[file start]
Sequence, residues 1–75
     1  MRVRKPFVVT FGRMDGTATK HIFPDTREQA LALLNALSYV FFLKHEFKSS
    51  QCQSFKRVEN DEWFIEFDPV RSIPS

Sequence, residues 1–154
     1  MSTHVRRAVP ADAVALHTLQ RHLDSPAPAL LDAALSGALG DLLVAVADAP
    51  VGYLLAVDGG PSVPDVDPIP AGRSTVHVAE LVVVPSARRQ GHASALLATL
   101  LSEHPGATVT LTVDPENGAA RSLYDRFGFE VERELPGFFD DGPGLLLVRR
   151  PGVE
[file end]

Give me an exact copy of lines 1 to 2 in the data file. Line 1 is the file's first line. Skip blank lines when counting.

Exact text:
Sequence, residues 1–75
     1  MRVRKPFVVT FGRMDGTATK HIFPDTREQA LALLNALSYV FFLKHEFKSS